After plunging for almost five years between 2011 and 2015, the price of gold in US dollars is now back near the high it set around nine years ago. Imagine you’d decided to invest in gold for the first time in the summer of 2011 right at the peak. You’d now be approaching breakeven in terms of price. But the long wait means that inflation will have eroded the spending power of your invested money. So you’d still be sitting on a losing investment instead of being on your way to making a million.
How shares can make you a million
And there will have been no shareholder dividends or interest payments to sweeten the deal along the way. Gold doesn’t do anything to build wealth for you in the same way that shares can. Gold just sits there and the price goes up or down.
But there is an argument that gold should be part of an investment portfolio because its price tends to increase when events cause shares to decline. And in fairness, since bottoming around 21 years ago, gold is up more than 600% at today’s price near $1,800/oz.
If you’d been investing in gold as a safe-haven for all those years, you’d have done well. But studies have shown a big driver of the price movements for gold is investor speculation. And speculation can reverse the price action too.
Overall, I’m not keen on investing in vehicles that track the price of gold. And well-known investor Warren Buffett, for example, has done very well without touching gold. Instead, he’s made many, many millions by investing in businesses and the shares of companies listed on the stock market.
I’d diversify across shares and not asset classes
So, with £20k to invest, I’d plan to diversify the money across different shares and share-backed investments. And I wouldn’t worry too much about diversifying across different classes of asset. However, everyone will favour their own unique approach to diversification.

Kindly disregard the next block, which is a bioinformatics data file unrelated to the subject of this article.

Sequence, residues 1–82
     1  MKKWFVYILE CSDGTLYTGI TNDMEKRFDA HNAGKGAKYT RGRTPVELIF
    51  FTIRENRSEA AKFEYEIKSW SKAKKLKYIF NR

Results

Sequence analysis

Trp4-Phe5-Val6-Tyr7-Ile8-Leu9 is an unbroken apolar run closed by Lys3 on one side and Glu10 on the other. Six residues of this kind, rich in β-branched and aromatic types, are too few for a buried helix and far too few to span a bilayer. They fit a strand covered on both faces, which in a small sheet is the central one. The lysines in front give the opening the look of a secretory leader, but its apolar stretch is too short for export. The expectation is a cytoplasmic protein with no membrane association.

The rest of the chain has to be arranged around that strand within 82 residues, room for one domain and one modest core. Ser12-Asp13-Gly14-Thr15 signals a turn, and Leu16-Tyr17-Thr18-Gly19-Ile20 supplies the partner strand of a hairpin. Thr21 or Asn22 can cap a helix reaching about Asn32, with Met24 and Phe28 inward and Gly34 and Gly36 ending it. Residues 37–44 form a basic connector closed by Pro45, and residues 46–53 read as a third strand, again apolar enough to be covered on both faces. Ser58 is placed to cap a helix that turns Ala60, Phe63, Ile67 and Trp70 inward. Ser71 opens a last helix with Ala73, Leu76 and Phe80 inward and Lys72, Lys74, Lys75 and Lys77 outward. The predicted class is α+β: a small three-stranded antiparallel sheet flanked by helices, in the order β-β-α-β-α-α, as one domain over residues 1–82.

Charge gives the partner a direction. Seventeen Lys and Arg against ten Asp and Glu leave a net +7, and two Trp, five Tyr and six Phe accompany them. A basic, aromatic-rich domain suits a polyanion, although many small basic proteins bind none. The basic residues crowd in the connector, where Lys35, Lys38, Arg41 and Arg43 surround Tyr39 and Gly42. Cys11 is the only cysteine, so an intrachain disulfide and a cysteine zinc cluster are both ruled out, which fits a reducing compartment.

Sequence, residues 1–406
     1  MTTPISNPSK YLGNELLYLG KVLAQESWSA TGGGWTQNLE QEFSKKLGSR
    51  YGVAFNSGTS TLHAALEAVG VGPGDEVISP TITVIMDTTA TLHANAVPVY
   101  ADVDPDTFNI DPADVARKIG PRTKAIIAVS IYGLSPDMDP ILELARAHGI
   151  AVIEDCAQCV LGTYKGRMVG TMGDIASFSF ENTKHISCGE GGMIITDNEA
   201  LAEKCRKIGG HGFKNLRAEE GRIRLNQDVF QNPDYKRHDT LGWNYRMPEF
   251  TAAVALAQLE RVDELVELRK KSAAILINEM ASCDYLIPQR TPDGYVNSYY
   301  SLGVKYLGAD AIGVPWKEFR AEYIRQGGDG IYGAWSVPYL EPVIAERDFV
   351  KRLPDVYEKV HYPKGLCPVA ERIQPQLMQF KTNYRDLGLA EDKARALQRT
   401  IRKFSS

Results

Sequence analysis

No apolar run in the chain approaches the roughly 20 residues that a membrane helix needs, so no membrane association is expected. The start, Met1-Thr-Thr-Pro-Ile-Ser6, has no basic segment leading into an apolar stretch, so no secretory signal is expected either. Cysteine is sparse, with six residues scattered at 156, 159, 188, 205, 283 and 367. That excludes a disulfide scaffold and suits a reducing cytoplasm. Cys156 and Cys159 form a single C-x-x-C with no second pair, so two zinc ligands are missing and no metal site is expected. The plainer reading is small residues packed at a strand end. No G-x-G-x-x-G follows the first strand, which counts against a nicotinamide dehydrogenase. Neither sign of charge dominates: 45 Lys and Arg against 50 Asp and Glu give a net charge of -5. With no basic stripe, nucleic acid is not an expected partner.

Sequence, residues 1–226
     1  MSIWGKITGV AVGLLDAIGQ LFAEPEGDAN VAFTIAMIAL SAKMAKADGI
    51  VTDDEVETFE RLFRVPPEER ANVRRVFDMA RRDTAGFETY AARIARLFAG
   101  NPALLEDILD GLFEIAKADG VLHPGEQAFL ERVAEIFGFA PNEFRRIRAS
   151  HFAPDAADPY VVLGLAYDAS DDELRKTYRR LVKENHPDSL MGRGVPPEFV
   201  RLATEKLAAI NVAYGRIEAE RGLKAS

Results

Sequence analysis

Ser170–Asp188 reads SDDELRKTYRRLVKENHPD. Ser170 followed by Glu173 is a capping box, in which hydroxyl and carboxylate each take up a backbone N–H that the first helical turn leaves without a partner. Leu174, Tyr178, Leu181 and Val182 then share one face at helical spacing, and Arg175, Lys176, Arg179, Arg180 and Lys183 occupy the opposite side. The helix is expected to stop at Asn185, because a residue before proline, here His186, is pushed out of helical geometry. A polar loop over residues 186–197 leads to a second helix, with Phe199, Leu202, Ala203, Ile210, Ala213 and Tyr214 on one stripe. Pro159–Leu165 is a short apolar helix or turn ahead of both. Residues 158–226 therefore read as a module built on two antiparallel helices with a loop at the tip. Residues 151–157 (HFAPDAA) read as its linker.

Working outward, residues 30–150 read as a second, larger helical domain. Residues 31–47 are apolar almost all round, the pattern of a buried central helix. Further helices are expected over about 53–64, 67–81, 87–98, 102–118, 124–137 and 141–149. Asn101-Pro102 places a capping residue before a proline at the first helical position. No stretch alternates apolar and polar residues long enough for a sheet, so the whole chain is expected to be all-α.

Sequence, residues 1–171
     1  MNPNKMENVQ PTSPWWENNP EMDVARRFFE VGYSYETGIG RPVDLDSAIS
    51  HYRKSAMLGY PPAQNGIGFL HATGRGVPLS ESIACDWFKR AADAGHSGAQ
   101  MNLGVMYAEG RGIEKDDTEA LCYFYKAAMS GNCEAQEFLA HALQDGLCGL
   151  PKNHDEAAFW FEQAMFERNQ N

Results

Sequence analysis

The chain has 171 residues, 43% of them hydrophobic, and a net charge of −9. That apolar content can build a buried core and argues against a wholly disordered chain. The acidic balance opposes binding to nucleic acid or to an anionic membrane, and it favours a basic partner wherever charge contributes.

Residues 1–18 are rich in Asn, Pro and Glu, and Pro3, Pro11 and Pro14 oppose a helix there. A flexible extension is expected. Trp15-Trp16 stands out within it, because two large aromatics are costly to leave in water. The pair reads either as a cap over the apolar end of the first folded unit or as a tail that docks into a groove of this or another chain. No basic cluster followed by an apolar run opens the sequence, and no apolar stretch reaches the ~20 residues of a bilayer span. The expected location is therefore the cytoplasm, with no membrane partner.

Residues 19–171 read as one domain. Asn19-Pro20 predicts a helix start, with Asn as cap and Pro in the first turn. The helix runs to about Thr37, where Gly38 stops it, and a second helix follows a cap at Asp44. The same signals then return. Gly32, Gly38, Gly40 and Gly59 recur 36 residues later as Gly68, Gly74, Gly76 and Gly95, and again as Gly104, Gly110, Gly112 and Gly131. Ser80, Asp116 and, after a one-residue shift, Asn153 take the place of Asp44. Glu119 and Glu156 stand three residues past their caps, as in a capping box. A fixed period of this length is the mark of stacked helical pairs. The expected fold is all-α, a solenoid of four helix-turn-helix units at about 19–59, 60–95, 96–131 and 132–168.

But to me, there’s little point in taking a risk with gold when shares can do so much to help build wealth for investors. Other studies have shown, for example, that the price movements of gold don’t work very well as a hedge against inflation. Indeed, because of speculation, the price movements of gold can end up looking random.
But shares are backed by businesses that can build their value. And many businesses can behave like a hedge against inflation because of their ability to raise selling prices. By buying shares of companies with solid underlying businesses, we can own assets that have a good chance of appreciating over time.
However, I reckon a long-term investment strategy works best when we target shares with good-quality underlying businesses. Those, for example, operating in a strong niche in the market with strong and consistent incoming cash flow. It’s important to be discerning about the stocks you choose if you are aiming to compound your way to a million-pound portfolio over time. Alternatively, you can diversify away some of the risks by going for managed and tracker funds.
Kevin Godbold has no position in any share mentioned. The Motley Fool UK has no position in any of the shares mentioned. Views expressed on the companies mentioned in this article are those of the writer and therefore may differ from the official recommendations we make in our subscription services such as Share Advisor, Hidden Winners and Pro. Here at The Motley Fool we believe that considering a diverse range of insights makes us better investors.